What is Torsion Bar Suspension?
Torsion bar suspension uses a torsion bar as its main weight-bearing spring — one end of a long metal bar is attached firmly to the vehicle chassis; the opposite end terminates in a lever, the torsion key, mounted perpendicular to the bar, that is attached to a suspension arm, a spindle, or the axle.
Vertical motion of the wheel causes the bar to twist around its axis and is resisted by the bar’s torsion resistance. The effective spring rate of the bar is determined by its length, cross section, and shape.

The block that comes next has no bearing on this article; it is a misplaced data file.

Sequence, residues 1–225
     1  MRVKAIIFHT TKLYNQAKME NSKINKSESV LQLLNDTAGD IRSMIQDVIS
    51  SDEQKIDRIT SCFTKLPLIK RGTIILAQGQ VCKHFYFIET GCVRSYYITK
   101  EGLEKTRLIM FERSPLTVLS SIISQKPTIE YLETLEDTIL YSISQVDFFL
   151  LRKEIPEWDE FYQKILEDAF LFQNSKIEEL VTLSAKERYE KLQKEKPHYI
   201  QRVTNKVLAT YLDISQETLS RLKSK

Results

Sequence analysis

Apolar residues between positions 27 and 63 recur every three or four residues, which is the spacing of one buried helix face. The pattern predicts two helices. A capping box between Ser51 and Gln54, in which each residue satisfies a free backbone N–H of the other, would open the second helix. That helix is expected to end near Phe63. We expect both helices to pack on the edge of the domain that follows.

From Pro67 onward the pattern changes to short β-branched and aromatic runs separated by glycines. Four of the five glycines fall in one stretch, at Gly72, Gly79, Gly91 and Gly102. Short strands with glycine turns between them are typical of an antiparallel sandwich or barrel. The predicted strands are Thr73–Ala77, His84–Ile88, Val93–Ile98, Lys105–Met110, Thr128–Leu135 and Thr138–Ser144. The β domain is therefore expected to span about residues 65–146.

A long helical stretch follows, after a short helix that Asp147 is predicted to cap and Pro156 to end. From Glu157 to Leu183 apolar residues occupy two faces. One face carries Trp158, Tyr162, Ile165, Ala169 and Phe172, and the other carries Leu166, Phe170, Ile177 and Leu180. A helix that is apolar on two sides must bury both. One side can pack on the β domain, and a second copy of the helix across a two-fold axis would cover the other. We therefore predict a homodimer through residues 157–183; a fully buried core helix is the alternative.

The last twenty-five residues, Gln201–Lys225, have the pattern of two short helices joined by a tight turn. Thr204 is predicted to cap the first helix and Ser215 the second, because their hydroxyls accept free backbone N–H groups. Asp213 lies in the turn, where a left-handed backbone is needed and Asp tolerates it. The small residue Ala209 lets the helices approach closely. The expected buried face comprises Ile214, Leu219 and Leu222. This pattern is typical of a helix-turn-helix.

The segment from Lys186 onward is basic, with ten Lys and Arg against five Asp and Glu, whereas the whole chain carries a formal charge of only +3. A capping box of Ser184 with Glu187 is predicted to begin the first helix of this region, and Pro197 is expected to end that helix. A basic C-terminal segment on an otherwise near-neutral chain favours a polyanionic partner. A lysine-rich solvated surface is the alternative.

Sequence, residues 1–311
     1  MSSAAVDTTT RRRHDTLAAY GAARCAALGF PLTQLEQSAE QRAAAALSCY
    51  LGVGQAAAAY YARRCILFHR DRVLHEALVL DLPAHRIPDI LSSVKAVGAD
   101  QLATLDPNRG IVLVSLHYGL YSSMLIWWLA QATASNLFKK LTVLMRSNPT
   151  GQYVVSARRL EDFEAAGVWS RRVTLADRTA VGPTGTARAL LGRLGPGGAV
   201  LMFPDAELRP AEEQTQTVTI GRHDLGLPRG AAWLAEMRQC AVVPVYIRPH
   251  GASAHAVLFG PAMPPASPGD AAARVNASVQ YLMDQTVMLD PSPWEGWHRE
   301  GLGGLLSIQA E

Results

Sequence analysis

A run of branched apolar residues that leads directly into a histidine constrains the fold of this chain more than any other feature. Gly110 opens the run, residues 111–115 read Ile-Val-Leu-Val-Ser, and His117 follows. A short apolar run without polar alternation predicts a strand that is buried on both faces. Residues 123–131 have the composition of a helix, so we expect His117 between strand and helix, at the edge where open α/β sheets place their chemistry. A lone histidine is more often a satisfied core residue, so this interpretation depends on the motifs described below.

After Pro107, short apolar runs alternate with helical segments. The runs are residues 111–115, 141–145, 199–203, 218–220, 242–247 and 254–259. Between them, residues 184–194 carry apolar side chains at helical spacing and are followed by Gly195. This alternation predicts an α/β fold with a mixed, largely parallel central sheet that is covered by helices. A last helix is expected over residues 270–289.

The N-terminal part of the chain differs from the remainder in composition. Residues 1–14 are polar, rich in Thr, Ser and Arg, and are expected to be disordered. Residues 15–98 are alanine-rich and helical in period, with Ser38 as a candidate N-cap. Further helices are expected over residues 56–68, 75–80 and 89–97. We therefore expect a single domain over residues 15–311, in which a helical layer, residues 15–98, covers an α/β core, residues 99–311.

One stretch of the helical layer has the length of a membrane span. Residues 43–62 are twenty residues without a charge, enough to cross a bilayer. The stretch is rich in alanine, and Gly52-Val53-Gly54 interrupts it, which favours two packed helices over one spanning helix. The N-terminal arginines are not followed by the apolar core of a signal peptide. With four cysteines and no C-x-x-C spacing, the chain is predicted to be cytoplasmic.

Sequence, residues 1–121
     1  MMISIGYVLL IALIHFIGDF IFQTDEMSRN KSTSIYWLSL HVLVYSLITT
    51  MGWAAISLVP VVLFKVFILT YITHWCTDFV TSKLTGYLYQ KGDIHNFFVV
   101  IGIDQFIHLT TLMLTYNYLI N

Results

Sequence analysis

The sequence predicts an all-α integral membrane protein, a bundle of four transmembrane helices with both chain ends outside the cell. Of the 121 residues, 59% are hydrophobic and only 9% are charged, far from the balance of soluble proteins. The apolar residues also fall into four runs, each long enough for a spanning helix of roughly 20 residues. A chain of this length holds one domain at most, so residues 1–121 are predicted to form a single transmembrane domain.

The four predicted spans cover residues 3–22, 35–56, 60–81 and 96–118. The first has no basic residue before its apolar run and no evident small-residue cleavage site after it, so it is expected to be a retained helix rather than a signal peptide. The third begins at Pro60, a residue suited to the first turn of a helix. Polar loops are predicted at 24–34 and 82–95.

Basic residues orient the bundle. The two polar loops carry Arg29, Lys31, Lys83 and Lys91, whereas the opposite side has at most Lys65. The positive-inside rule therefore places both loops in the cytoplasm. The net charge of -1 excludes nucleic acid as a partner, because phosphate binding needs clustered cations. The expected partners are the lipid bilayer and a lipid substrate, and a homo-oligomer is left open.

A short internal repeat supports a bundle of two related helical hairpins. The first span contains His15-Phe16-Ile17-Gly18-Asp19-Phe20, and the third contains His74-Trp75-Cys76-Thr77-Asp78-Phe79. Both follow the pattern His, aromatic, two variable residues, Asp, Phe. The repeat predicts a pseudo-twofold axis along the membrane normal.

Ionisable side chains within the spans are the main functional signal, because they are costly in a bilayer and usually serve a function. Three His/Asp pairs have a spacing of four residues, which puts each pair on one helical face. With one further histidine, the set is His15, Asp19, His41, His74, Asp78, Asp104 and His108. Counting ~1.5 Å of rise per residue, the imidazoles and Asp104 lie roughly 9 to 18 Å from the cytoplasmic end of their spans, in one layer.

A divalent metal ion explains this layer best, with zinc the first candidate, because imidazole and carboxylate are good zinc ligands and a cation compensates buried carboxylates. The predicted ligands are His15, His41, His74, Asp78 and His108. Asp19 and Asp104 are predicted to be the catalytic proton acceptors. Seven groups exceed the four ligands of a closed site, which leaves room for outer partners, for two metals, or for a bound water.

You can change the torsion bar or key to adjust the ride height, usually to compensate for engine weight.
While the ride height may be adjusted by turning the adjuster bolts on the stock torsion key, rotating the stock key too far can bend the adjusting bolt and place the shock piston outside its standard travel. Over-rotating the torsion bars can also cause the suspension to hit the bump-stop prematurely, causing a harsh ride.
How Torsion Bars Work Demonstrated and How To Adjust Ride Height
Dylan McCool demonstrates how torsion bars work on his 1969 Dodge Charger, as well as how to adjust your vehicle ride height with torsion bars…